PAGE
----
Voluntary and collaborative measures to protect and improve greater sage grouse habitat on public and private land across the West paid off as U.S. Secretary of the Interior Sally Jewell announced the bird will not be added to the endangered species list.
In a video announcement released Tuesday morning, followed by a ceremony in Colorado, Jewell said the U.S. Fish and Wildlife Service, which implements the Endangered Species Act, decided the listing is not warranted.
Jewell called the decision a result of “epic collaboration” and “a glimpse into the future of the West.”
“The truth is, we’ve never done anything like this before,” Jewell said at a ceremony outside Denver. “This is the largest, most complex land conservation effort ever in the history of the United States of America, perhaps the world.” she said.
Four Western governors and officials from USFWS, Bureau of Land Management, Forest Service, Natural Resources Conservation Service and U.S. Geological Survey attended. The decision affects about 167 million acres in the West.
Fish and Wildlife Service Director Dan Ash said his agency’s representatives on the project unanimously agreed sage grouse should not be listed. He called it the “most science-rich decision ever made.”
“I never thought I would be so happy and so proud to hear the words, ‘Not warranted,’” Ash said during the Colorado ceremony.
Although disagreements and lawsuits over federal agency land-use plans persist, the decision is a relief to most ranchers, farmers, loggers, miners and energy developers in the 11 Western states where the bird lives. Many producers feared an endangered species listing would shut down or complicate their ability to make a living.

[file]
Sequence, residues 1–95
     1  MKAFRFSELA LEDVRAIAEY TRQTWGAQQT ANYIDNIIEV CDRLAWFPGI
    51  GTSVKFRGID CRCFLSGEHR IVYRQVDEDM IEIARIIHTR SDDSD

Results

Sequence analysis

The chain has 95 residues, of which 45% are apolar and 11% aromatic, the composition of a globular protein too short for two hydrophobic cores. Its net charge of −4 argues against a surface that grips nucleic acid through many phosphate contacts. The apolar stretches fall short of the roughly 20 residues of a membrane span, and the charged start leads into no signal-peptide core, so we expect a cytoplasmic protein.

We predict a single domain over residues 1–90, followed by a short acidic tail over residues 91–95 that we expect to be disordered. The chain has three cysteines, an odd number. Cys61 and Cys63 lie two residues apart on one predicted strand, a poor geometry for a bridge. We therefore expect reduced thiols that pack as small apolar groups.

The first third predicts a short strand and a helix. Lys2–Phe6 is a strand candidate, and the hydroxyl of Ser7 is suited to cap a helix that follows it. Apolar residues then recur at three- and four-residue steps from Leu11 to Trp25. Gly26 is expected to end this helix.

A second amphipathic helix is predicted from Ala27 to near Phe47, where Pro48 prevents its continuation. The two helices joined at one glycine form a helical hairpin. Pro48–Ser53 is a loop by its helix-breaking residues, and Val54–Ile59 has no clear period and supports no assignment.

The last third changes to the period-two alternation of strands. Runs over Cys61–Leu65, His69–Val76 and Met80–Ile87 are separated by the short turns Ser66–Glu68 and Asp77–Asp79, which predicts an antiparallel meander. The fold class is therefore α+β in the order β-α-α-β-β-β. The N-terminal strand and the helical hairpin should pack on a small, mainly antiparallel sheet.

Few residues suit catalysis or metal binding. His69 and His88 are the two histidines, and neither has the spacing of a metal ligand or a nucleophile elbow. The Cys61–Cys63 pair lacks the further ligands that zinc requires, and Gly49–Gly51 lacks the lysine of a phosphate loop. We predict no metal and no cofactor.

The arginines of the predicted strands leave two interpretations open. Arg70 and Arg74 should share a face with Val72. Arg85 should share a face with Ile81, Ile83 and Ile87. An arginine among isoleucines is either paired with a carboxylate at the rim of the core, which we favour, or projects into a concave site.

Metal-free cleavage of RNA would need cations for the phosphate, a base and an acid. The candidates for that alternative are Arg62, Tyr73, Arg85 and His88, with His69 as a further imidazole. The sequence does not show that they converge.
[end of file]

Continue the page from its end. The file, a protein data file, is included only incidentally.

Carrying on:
But with Oregon ranchers providing a key early model, producers, private landowners and public agencies adopted agreements most believe will protect sage grouse habitat while still allowing work on the land.
More than 100 Oregon ranchers signed voluntary conservation agreements with USFWS in which they took steps to improve habitat in exchange for 30 years protection from additional regulation even if the bird had been listed. Private landowners in other states followed suit, and public agencies such as the BLM revised their management plans.
Jewell had expressed optimism for several months that such work would make a difference.
On Tuesday, she said the decision means “a brighter future for one amazing, scrappy bird that calls the West home.”
She said pressure on wildlife from climate change and population growth aren’t going away. But she said the sage grouse decision points the way to solving such problems.
“I’m confident we have shown that epic collaboration, across a landscape, guided by sound science, is truly the future of American conservation,” Jewell said in the video announcement.
Reaction outside the ceremony was mixed.
A coalition of sportsmen’s groups praised the decision, saying thriving sage grouse populations are an indicator of sagebrush ecosystem health and of the many other animal and plant species linked to it.
“Now, we must remain invested in sustaining the health of this bird, and the landscapes that support it,” Mule Deer Foundation President Miles Moretti said in a prepared statement.
The Western Energy Alliance, however, said USFWS made the right listing decision but took the wrong path to get there. The group said BLM and Forest Service land-use plans continue “top-down, centralized management” and exaggerate the impact of energy development on sage grouse.